Bjarke Frellesvig describes the development of the Japanese language from its recorded beginnings until the present day as reflected by the written sources and historical record. Beginning with a description of the oldest attested stage of the language, Old Japanese (approximately the eighth century AD), and then tracing the changes which occurred through the Early Middle Japanese (800–1200), Late Middle Japanese (1200–1600) and the Modern Japanese (1600–onwards) periods, a complete internal history of the language is examined and discussed. This account provides a comprehensive study of how the Japanese language has developed and adapted, providing a much needed resource for scholars. A History of the Japanese Language is invaluable to all those interested in the Japanese language and also students of language change generally.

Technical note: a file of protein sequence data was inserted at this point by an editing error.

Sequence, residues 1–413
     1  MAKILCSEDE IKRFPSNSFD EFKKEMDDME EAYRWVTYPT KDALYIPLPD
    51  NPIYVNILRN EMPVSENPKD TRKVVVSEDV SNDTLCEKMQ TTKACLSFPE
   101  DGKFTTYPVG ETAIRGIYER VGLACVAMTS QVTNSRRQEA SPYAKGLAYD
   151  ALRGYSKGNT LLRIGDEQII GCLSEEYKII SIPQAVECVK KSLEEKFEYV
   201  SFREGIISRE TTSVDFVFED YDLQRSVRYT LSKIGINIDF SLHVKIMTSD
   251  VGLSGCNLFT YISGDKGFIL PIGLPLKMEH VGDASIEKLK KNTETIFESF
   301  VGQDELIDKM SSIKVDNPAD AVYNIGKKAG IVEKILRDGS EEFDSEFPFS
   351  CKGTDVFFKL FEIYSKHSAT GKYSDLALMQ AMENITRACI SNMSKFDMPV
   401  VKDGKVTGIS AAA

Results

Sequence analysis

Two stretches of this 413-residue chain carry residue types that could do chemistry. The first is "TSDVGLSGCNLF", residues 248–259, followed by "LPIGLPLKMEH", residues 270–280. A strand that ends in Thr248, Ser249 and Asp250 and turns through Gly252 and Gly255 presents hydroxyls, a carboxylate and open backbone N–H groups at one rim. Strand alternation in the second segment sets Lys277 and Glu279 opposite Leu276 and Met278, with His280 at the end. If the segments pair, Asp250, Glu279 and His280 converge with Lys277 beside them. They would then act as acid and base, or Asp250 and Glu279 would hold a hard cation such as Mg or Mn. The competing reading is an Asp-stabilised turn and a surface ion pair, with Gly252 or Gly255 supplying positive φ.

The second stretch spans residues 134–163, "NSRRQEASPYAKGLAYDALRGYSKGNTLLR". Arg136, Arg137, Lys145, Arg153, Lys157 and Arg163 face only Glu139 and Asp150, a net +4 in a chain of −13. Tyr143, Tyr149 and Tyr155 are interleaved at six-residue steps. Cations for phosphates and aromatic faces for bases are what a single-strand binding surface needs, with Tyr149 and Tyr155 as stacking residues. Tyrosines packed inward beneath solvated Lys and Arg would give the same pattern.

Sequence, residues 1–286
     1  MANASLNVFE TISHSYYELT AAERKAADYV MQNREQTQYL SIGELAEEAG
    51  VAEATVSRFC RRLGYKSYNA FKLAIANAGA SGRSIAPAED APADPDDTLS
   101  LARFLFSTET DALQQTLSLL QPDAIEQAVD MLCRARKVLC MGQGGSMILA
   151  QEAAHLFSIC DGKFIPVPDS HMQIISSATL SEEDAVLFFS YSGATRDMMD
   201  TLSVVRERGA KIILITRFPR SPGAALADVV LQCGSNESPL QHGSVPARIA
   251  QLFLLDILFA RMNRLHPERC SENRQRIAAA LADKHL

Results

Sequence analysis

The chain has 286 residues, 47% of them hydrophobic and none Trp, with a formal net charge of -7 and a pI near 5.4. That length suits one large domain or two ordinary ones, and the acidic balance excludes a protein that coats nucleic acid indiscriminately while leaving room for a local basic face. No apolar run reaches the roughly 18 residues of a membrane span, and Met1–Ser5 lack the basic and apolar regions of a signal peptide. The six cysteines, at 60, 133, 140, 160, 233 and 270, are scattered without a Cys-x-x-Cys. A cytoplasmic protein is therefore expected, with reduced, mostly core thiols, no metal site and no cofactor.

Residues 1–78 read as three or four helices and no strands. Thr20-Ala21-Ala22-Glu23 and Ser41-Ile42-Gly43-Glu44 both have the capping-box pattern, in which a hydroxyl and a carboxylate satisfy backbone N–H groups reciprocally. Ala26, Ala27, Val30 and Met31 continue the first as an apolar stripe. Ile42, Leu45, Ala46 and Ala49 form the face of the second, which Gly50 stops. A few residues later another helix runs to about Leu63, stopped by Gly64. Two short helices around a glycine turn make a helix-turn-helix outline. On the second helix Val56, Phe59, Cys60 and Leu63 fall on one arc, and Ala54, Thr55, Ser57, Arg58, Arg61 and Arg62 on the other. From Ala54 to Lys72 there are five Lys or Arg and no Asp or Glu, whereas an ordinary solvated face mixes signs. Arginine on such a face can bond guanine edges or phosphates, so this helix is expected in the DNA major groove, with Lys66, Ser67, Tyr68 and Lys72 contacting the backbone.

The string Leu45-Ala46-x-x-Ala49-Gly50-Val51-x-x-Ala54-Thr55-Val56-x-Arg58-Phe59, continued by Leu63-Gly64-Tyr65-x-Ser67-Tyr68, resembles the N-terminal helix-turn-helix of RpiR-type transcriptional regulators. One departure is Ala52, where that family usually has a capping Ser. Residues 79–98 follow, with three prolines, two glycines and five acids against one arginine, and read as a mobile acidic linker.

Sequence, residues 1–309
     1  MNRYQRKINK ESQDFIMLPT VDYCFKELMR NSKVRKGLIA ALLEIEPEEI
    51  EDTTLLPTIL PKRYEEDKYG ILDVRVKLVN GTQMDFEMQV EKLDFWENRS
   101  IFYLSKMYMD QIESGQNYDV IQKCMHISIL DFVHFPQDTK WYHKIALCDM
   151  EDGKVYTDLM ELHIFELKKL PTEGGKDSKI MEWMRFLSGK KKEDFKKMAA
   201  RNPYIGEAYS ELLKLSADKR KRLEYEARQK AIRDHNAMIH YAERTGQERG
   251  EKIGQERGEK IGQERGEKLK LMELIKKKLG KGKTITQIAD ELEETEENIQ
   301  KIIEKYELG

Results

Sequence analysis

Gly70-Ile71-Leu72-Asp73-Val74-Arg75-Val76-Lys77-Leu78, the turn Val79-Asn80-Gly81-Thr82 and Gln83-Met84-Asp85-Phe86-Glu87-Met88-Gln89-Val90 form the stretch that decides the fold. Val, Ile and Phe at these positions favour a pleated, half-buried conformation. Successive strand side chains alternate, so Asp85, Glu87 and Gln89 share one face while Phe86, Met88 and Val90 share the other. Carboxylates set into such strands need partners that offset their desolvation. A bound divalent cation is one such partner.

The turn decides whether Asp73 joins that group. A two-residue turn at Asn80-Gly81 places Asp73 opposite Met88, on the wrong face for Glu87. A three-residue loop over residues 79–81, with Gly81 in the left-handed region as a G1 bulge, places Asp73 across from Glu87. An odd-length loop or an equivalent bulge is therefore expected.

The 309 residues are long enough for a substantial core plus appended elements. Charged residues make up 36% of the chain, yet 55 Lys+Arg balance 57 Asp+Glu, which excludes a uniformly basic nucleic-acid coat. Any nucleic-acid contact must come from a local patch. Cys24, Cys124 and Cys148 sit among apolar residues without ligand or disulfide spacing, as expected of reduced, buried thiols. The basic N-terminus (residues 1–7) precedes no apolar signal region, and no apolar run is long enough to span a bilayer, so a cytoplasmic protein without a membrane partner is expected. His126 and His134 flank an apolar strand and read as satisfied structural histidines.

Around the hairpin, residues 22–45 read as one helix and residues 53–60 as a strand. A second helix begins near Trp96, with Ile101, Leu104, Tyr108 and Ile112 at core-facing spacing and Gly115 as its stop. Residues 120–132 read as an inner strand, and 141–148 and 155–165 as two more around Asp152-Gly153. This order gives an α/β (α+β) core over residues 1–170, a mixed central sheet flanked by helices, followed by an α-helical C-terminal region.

Proto-Japanese is the reconstructed language stage from which all later varieties of Japanese, including Ryukyuan, descend. It has been studied both as an end in itself (as the genetic code of the Japanese language) and as part of endeavors to clarify the genetic affiliation of Japanese. Based on the state of the field, especially as represented in Samuel E. Martin's seminal work The Japanese Language Through Time (1987), this volume singles out key areas in the reconstruction of proto-Japanese where salient progress has been or promises to be made since Martin. Contributions were invited from scholars working on the following areas: segmental phonology, use of dialect evidence, accent, morphology, and syntax. While the book first of all presents new research which advances our understanding of proto-Japanese, it also gives an overview over the state of the art in the field and its main issues.